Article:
Mary K Mart, Minnie Mart, Tequila Rose, Cruella and Betty Ford were just some of the boys-who-would-be-girls who recently braved the unflattering lights of the Unitarian Universalist Fellowship of Raleigh for Drag Bingo, a fundraiser for the Alliance of AIDS Services-Carolina.
On the pulpit-cum-stage, Mistress of Ceremonies Mary K Mart, standing under a mountainous heap of hair and beside a trunk labeled "Trailer Park Road Show," called the numbers and handed out prizes ranging from a pair of Melissa Etheridge tickets to latex body paint. "BVD's" (Bingo Verifying Divas) in sequined dresses and bejewelled tiaras roamed like Vegas showgirls among the tables, checking cards, passing out free prizes and giving away (ahem) hot dogs, during what surely had to be the rowdiest night of Bingo ever played in the Triangle.
The crowd was as eclectic as could be, a hardy mix of gay and straight (with a few in between), the quite young and the very old (including a few white-haired ladies, presumably Sunday afternoon Bingo regulars, looking bewildered but game).
Latecomers, surprised to find players rising in a kind of orgiastic wave when Mary called out "O-69," were summoned to the front and gently humiliated as punishment for not joining in (a specialty of drag queens). Tequila Rose entertained in between sets of cards, singing first "Respect," and later "Killing Me Softly." "I feel inappropriate making all these gyrating moves up here," she said during her performance, smiling demurely at the audience but looking not a bit ashamed.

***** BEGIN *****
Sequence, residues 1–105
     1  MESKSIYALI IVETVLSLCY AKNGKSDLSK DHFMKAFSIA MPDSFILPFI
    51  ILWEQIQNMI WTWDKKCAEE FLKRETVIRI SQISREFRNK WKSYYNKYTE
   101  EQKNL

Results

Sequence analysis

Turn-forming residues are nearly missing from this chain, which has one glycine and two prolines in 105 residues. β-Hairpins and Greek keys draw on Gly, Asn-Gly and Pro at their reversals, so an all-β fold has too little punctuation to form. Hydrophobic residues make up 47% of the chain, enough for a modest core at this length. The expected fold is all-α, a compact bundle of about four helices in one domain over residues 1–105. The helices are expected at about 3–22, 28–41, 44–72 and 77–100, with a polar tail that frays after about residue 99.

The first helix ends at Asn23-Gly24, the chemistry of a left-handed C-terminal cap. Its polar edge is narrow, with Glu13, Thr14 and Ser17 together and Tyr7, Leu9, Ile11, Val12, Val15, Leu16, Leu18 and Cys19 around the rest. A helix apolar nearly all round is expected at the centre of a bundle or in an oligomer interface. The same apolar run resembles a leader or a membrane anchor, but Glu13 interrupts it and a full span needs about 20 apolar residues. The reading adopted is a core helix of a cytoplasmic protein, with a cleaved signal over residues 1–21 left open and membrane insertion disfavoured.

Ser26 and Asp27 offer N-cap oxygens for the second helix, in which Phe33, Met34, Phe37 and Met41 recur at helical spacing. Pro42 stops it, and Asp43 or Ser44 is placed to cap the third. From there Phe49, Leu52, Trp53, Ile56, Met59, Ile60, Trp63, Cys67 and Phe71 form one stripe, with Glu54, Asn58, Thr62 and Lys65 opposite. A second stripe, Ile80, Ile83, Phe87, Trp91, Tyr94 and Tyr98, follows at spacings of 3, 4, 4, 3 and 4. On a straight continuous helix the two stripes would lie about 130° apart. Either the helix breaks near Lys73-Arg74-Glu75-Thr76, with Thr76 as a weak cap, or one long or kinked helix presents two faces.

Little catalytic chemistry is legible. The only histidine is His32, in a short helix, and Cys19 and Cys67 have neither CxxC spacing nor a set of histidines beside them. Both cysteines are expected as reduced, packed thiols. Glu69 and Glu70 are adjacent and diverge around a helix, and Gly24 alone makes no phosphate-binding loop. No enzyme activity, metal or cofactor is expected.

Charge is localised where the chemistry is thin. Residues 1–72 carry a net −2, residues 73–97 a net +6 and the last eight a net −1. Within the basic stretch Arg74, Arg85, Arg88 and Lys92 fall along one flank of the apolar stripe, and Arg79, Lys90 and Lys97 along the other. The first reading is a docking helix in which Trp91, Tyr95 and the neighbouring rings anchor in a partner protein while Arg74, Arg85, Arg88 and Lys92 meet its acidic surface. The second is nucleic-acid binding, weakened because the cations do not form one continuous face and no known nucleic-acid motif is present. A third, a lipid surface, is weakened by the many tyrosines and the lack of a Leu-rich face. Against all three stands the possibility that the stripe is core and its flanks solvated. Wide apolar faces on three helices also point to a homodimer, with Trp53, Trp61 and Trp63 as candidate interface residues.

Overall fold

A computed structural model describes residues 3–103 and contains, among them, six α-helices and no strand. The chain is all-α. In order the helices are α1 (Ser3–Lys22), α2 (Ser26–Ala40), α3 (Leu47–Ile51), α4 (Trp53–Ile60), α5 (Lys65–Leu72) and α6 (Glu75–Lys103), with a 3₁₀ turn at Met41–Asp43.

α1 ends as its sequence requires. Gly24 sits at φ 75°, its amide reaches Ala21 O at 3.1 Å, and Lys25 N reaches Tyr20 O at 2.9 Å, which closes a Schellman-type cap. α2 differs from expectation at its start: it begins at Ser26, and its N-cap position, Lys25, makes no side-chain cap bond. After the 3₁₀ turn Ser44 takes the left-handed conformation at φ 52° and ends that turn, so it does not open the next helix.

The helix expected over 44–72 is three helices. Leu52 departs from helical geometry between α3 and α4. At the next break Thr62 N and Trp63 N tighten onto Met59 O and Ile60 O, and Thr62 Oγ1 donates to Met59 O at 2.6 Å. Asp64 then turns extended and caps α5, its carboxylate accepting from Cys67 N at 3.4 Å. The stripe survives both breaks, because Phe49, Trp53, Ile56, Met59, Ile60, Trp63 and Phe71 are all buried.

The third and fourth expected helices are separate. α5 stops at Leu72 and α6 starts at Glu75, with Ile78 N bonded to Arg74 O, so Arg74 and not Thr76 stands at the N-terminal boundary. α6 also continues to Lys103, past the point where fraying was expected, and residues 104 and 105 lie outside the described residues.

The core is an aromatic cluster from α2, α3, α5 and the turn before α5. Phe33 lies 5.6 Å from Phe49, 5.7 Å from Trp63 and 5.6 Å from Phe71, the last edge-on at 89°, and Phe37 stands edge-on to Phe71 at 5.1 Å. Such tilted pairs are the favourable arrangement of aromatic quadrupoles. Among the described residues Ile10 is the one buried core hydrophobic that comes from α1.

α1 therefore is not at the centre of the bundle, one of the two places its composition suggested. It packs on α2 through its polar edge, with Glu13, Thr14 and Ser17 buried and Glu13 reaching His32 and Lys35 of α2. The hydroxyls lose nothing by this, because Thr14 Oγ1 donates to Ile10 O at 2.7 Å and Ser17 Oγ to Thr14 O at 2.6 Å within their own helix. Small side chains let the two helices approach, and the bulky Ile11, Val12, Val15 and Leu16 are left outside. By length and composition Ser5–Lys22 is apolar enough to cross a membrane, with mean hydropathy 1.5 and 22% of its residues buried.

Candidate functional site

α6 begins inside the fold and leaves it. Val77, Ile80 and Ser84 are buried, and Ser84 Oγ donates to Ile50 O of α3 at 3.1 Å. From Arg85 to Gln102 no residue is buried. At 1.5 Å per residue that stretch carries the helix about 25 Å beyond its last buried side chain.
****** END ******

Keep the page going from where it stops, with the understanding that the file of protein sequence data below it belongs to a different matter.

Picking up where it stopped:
The AAS-C patterned their first ever drag bingo event after a similar one in Philadelphia, which has raised more than $1 million for several different AIDS organizations over the past 10 years. Although the Raleigh event surprised organizers by raising over $5,000, that barely makes a dent in the $100,000 deficit the organization faces after United Way funding cuts and draconian insurance rate increases. More events will follow, with the next Drag Bingo night scheduled for Saturday, June 29, from 7-11 p.m.
Toward the end of the evening, Tequila Rose took the mike and shared an anecdote from the question-and-answer segment of her last drag pageant, when she was asked, "Where do drag queens belong in the gay community?"
"I don't think we play enough of a vital role," she replied. "We need to stand up for the causes that we really believe in and show people that we're more than just men in dresses."
The hair, the nails and the jewels may have been ersatz, but the sentiment was real.